The administration provided only $3 million in "startup" funding for the Commission. [Fox News 1/27/03] It was clear from the outset that at least $14 million would be necessary for the investigation. It refused to include the necessary additional funding ($11 million) in its $75 billion supplemental spending request for Iraq, [Time 3/26/03] before eventually providing $9 million. The New York Times asked if the administration was "resorting to budgetary starvation as a tactic to hobble any politically fearless inquiry." [International Herald Tribune 4/1/03]
9-11: Bush has Sought to Undermine the 9-11 Commission Since its Inception
Families of the victims of September 11th, along with House and Senate Democrats, started pushing for an independent investigation into the causes of September 11th in mid May, 2002. [ABC News 5/17/02; Fox News 5/16/02; Letter to Rep. Sensenbrenner 5/17/02] Their push for a hearing increased after the surfacing of the "Phoenix memo," an intelligence briefing from Arizona with warnings about terrorist pilots "compromising the civil air defense system." [New York Times 5/17/02]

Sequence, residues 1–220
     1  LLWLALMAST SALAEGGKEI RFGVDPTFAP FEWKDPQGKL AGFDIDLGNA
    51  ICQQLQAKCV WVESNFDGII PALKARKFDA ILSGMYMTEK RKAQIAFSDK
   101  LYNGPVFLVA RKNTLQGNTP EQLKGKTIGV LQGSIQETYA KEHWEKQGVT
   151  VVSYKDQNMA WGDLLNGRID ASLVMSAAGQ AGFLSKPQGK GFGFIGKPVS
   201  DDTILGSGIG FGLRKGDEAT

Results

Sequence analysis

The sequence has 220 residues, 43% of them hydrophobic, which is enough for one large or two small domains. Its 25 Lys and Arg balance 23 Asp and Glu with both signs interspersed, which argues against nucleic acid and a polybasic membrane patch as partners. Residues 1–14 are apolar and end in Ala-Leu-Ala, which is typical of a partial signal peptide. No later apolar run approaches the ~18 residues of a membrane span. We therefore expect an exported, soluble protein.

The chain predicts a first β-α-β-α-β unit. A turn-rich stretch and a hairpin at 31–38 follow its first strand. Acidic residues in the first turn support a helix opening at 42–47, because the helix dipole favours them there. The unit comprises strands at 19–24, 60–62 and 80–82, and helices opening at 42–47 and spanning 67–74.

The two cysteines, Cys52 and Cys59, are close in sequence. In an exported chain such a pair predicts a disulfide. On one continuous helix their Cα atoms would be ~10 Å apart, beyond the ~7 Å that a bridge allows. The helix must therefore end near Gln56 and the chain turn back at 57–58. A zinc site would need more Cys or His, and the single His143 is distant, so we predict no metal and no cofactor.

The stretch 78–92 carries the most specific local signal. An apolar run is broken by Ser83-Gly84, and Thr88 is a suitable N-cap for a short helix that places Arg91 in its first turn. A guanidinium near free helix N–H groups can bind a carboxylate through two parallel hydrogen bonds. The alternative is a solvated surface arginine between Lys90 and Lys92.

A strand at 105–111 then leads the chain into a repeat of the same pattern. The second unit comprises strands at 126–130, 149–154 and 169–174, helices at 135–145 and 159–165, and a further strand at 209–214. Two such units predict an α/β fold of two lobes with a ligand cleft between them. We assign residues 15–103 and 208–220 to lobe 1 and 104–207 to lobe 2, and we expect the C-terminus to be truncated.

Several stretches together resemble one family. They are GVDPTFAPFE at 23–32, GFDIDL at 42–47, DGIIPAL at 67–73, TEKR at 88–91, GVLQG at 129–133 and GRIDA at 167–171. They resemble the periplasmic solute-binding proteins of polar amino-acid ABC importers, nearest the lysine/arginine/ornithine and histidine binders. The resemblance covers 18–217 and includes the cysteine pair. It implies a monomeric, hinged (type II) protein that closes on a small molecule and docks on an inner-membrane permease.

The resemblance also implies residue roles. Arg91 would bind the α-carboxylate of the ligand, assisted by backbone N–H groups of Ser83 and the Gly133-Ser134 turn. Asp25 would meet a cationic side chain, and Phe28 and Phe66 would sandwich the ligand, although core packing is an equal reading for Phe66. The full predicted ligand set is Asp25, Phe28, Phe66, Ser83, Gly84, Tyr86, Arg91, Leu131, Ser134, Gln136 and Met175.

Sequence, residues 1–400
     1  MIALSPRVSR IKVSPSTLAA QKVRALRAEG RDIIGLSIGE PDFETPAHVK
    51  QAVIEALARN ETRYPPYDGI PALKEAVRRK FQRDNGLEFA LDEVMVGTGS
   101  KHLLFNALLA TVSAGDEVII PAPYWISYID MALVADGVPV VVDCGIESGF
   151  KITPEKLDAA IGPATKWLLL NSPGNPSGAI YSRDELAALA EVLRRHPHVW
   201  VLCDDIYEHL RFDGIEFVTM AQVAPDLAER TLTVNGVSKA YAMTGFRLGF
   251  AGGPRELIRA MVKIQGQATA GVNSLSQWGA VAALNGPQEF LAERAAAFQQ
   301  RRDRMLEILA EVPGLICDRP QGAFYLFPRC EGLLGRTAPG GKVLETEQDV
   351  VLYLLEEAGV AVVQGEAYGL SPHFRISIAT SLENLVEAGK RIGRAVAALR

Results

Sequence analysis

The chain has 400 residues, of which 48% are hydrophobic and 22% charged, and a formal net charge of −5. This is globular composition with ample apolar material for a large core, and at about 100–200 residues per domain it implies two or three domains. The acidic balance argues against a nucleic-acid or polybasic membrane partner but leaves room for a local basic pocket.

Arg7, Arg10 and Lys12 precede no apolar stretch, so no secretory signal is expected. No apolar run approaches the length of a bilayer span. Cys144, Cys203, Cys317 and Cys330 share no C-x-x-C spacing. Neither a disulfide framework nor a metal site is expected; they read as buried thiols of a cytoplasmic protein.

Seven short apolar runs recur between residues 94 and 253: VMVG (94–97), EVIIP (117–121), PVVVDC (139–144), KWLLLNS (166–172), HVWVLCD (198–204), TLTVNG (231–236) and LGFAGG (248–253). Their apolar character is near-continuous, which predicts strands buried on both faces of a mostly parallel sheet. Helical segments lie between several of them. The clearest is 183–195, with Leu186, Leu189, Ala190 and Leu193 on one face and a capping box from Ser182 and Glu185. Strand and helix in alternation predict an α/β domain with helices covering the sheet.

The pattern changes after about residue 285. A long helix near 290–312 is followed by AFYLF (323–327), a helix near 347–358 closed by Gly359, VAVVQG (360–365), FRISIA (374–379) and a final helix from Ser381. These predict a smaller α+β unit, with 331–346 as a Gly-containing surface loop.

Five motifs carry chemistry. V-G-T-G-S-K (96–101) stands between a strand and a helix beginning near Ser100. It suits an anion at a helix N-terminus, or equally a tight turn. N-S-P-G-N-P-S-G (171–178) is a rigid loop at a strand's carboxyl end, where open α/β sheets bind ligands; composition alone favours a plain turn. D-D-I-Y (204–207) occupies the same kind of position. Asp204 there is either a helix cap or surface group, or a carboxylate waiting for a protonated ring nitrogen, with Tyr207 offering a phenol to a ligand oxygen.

Ari Fleischer, then President Bush’s spokesperson, immediately slurred their push for an investigation as "political." [CNN 5/17/02] Administration officials said that "an independent inquiry would tie up too many officials involved in fighting terrorism and could lead to release of classified information." [AP 5/22/02] House Republican leadership quickly rebuffed the call, saying it could "compromise federal investigations." [Milwaukee Journal Sentinel 5/21/02] President Bush claimed that an independent commission would jeopardize the US capacity to gather intelligence. [White House Press 5/23/02] Tom Delay accused Democrats of being "irresponsible" and making "Osama bin Laden’s job easier." [Delay Press Release 5/24/02]